Category Archives: death

Time for a discussion: Guns, mental health, violence

24 Hours Ago… So much can change in a 24 hour period.

Throughout the world, lives are lost each day due to diseases, wars, drugs, mental and eating disorders, famine, violent crimes and so much more. What makes today different is not only is this happening just after the other recent tragedies in a mall, a theater, hair salon, etc but these were children, teachers a principal and those there to help our children.

They lived in one of the top 10 places to live in America. School should be a safe zone. No hate, violence, bullying or fear of dying due to any senseless act of crime. Mental disorders or not. That is not a reason or excuse for violence.

People live with mental disorders everyday without causing harm. People have guns responsibly. The fact is, not everyone is held accountable. Not everyone is responsible with a gun or keeps it away from the wrong hands.

Not everyone has proper medical diagnosis, care and/or treatment for their mental illness. The discussions and resolutions can’t be avoided. Prayers shouldn’t have to continuously go out for lives lost and communities affected by tragedy.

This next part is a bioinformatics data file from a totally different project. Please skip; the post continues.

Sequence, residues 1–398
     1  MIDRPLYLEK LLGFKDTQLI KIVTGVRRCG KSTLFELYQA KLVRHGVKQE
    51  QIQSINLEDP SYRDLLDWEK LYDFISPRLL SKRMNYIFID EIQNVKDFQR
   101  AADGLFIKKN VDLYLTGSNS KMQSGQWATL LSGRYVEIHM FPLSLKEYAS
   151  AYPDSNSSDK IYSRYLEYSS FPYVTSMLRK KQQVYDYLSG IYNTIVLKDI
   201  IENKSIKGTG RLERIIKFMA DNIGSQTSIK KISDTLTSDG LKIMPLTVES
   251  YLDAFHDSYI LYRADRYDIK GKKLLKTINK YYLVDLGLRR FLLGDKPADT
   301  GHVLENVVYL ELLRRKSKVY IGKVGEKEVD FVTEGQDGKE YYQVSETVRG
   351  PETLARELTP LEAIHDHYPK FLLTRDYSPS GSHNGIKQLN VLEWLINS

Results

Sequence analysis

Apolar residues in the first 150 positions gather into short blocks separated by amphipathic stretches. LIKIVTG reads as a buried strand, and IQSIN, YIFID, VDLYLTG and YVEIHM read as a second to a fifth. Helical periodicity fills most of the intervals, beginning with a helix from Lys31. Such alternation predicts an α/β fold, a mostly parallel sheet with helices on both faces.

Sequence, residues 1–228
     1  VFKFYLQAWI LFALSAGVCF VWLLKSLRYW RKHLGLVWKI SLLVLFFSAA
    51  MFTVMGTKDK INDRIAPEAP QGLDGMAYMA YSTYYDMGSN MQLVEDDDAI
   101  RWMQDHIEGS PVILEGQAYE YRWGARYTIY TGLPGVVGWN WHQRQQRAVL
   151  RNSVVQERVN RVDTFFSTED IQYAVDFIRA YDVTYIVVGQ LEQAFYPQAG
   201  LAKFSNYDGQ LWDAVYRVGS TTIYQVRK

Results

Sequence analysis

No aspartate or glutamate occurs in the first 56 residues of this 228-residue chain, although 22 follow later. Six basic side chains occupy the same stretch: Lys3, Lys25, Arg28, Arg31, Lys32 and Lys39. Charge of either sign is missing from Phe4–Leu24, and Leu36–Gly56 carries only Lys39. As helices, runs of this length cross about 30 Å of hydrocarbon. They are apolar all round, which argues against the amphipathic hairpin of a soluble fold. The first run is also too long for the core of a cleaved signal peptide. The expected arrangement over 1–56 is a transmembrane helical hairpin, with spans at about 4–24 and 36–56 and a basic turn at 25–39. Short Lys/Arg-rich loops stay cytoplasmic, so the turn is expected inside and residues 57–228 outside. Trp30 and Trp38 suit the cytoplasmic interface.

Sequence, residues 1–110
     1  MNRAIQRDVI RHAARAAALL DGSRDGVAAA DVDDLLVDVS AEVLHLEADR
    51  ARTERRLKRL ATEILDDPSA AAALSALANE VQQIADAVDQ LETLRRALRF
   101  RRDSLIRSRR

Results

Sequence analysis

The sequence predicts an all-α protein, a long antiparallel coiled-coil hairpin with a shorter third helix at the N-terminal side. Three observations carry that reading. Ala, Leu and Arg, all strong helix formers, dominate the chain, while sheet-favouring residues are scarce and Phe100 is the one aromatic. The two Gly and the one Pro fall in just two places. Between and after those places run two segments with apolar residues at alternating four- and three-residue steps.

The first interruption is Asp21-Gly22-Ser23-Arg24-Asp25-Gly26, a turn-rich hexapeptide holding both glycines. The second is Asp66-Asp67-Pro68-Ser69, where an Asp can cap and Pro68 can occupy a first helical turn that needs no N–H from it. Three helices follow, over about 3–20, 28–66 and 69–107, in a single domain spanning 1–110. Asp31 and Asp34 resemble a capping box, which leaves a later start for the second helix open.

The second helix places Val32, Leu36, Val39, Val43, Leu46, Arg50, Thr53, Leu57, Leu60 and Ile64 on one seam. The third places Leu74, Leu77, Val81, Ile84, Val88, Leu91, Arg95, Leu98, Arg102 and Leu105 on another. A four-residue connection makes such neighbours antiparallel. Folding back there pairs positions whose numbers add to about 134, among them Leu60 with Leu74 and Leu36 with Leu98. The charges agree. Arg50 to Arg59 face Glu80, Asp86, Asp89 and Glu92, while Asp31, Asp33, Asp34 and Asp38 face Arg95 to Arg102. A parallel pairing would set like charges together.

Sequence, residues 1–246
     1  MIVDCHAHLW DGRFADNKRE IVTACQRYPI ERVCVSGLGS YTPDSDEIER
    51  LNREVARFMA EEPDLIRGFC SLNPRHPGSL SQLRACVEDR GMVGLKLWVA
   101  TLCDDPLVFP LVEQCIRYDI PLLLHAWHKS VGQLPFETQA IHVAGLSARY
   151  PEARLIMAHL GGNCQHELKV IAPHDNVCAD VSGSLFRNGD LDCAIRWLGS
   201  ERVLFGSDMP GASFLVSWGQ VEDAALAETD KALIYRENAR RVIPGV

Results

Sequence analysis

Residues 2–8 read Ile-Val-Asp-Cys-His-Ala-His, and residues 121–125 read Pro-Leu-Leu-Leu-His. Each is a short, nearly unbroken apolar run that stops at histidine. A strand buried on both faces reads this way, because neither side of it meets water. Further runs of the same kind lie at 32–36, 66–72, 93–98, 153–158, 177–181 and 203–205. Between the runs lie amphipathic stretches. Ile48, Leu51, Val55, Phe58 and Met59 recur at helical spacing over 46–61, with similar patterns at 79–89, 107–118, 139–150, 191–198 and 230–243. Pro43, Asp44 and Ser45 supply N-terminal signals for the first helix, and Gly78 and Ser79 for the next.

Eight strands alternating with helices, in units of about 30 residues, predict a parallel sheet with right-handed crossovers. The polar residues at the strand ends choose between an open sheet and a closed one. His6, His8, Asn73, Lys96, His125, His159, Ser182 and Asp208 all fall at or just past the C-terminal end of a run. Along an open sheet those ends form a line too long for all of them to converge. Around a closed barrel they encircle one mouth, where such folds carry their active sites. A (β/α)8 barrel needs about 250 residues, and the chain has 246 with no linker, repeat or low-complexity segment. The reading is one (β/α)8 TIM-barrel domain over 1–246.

Prayers and attention need to focus on one thing, SAVING LIVES.

Put the politics aside.

People deserve to live and people deserve proper medical attention.

Side note:

I wanted to post this now but I was working on an article following the recent shooting in Clackamas…then this happened, the shooting at an elementary school. I will follow this up with a further article.

Please share your thoughts on this matter. Worldwide, people have been affected in different ways. 

It is time for a discussion.

Not just a story

Our world is under a constant change. That is a given. Those who try to stop change or stand in the way of progress are slowly being rooted out.
That is certainly being seen across the Middle East as they continue to fight for their freedom of speech, equalities and the ability to finally be out from under the unspeakable acts of cowardly dictators that have ruled over them for decades.